Another quick observation: Working in retail takes more skill than just selling stuff. Besides the mindless tasks one expects—folding, stacking, sorting, fetching things for customers—I frequently had to tackle a series of housekeeping chores that Stretch never mentioned in our welcome-aboard chat. Performed during the late shift, those chores usually meant I’d have to stay well past the scheduled 9 p.m. quitting time.

    (He doesn't comment on it much, but this story involves quite a bit of wage theft.)
  • Speaking of wage theft, Baltimore-area bus drivers are getting a $1.25 million settlement; they sued for overtime pay they should have gotten but didn't. Their employer, Durham School Services, has been hit with repeated allegations of wage theft.
  • Care before profit? That's what nurses are fighting for in Brooklyn.
  • The real story behind the Detroit pension fight and what it means to America's future.
  • The New York state Assembly has voted for paid family leave. Will the state Senate follow suit?
  • How the GOP ambushed the VW union election—it's not just Sen. Bob Corker:
    One local group, Southern Momentum, played a critical role in this frenzy of anti-unionism. Southern Momentum claims to represent ordinary Volkswagen workers, but surprisingly for a grassroots organization, it engaged the services of Projections, Inc., one of the nation’s leading union avoidance firms, which specializes in anti-union videos and websites. The group’s slick anti-union "" website -- cited by media stories as having influenced workers -- claims to be made by “concerned VW team members." But it appears to be a Projections-created website, and the firm is already using the Volkswagen case to promote its “Union Proof” program with other employers.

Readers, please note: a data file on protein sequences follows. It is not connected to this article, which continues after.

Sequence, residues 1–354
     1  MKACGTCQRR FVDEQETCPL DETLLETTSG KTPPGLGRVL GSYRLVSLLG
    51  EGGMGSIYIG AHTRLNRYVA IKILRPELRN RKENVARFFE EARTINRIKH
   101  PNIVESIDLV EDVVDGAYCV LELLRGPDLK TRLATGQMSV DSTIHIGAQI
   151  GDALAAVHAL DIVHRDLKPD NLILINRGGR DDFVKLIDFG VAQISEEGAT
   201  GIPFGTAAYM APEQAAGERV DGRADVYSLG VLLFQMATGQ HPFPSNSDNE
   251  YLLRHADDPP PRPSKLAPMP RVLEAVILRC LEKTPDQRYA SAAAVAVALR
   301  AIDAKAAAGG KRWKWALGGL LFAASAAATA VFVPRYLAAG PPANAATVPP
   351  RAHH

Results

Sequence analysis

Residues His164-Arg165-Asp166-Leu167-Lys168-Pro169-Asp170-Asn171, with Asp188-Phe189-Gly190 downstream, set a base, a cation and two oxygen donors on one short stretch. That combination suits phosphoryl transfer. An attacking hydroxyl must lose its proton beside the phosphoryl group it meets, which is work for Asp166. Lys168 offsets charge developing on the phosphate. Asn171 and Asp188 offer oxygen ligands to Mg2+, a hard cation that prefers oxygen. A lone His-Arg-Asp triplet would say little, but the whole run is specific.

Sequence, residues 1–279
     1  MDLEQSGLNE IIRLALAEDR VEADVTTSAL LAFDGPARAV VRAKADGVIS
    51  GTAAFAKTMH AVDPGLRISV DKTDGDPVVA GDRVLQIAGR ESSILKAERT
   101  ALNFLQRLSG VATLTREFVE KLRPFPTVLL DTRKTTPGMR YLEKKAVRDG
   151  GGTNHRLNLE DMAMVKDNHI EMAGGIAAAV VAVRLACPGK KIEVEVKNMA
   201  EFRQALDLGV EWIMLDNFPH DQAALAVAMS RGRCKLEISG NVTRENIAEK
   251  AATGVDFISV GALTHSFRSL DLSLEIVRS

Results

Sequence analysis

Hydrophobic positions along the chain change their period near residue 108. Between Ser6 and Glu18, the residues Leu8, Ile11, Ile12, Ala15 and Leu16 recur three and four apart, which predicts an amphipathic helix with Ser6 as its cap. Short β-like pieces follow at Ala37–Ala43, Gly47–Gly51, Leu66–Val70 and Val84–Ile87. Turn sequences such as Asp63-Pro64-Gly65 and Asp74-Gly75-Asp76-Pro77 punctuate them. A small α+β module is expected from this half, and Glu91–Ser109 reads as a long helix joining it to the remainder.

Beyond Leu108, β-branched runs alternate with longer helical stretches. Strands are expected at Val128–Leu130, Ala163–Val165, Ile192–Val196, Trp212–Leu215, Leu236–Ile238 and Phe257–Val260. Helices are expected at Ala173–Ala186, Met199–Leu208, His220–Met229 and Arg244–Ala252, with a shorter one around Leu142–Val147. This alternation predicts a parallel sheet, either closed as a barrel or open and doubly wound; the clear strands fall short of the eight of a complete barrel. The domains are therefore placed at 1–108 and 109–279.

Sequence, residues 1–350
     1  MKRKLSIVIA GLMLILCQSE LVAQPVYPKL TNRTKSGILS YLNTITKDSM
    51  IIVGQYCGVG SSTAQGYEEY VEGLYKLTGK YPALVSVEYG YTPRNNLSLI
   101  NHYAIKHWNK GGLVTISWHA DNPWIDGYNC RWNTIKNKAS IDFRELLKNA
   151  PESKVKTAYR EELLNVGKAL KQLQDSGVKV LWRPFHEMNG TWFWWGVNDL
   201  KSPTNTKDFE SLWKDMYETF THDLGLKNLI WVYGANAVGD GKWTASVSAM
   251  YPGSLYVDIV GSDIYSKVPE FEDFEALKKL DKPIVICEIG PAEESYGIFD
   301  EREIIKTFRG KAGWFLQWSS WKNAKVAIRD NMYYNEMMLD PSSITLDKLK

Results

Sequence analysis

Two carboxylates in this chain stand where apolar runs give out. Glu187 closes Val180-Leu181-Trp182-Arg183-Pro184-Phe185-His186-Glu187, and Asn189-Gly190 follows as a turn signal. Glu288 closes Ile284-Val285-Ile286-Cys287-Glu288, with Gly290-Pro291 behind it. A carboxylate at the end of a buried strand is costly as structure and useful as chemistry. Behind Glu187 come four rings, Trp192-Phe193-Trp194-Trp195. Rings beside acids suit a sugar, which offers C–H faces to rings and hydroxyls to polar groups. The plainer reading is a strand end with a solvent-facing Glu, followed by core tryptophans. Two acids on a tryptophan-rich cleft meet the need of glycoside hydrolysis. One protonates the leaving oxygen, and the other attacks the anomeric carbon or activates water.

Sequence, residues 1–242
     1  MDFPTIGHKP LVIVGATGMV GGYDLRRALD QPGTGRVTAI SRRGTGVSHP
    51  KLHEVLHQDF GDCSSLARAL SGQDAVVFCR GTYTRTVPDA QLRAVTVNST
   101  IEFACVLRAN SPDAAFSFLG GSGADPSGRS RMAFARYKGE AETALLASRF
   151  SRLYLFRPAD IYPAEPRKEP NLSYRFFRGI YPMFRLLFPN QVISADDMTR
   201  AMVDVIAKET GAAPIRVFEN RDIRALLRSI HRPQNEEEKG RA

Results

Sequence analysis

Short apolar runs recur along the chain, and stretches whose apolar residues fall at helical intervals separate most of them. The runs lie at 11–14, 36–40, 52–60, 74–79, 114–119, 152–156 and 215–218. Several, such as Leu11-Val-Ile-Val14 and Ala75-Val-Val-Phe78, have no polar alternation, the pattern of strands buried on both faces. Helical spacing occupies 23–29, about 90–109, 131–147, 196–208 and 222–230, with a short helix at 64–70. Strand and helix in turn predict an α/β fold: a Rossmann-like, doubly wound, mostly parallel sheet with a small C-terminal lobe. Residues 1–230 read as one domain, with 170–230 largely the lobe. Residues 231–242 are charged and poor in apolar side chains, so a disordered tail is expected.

• Education
  • New York City Mayor Bill de Blasio is under attack for not giving charter schools, particularly the politically connected Success Academies, every single thing they want. But Jeff Bryant brings some facts on the fight, starting with the fact that de Blasio's administration approved co-location applications for 14 out of 17 charter schools that applied. Not to mention:
    Mayor de Blasio pointed out that the children who were being targeted to give up their current facilities to make way for a charter co-location happen to matter, too.

    In this case, the two schools being occupied by the charters, PS 149 and 811, serve special education students. Parents at those schools recently put together a brief video in which they describe how much they and their children love their schools.

    Success Academy schools, meanwhile, have reputations for practicing “zero tolerance” discipline policies that often target special education students for harsh punishments such as suspensions and expulsions.

    Diane Ravitch has more, and Sarah Jaffe looks at the political stakes.